It’s been a wet 30 days. In fact, in some areas of the Corn Belt it’s been one of the wettest 30-day periods in 31 years, which covers the flood year of 1993. Many sections of Iowa have seen more than 10 inches of rain in the last 30-day stretch. Along with potential production issues, swelling rivers could cause an already bad basis environment to get worse if barge restrictions hit at harvest.
So far, the market has shrugged it off. Also, looking ahead, weather patterns should turn drier. But if those forecasts start to turn wetter, and we see more heavy doses of precipitation, it could be a catalyst for lifting prices into harvest.
What’s the Weather Outlook?
- An active and much cooler pattern has set in across key crop areas this week, in association with a slow-moving cold front and remnants from Tropical Storm Gordon, which has been tracking across the southwestern Midwest over the last couple of days. Cooler than normal temperatures will dominate the Midwest among wetness to the south and tranquil conditions under high pressure for the Upper Midwest and Great Lakes.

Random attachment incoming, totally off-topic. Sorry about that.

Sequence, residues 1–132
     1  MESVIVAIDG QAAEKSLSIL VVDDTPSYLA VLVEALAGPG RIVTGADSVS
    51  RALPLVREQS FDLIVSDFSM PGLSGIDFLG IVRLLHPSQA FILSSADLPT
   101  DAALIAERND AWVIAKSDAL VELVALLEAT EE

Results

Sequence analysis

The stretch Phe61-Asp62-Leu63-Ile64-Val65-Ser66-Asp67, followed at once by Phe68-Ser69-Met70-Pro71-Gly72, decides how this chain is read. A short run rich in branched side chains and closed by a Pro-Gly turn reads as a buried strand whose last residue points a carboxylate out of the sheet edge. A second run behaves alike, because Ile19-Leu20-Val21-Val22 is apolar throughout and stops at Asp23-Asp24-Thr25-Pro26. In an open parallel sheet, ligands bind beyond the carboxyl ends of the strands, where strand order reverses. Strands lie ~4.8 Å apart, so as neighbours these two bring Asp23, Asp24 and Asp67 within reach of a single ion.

- Heavy rainfall in the southern Midwest and Mississippi Delta region could put a damper on early harvest prospects but does not yet imply major risks on crop production. Periodic dry conditions across the northern Plains and far southern reaches of Canada should enable wheat harvest to continue and possibly conclude for some.
- A return to southwesterly flow across the central U.S. will rush temperatures back to well above normal for the 6-10 day time period, along with largely drier than normal conditions. This pattern shift should allow for crops to dry down after the deluge of rainfall in recent weeks for many areas of the Midwest. While corn and soybean progress has been unusually fast this season, harvest is still at least a couple of weeks away considering recent rainfall.
GFS U.S. Weather Forecast (Deviation from Normal)
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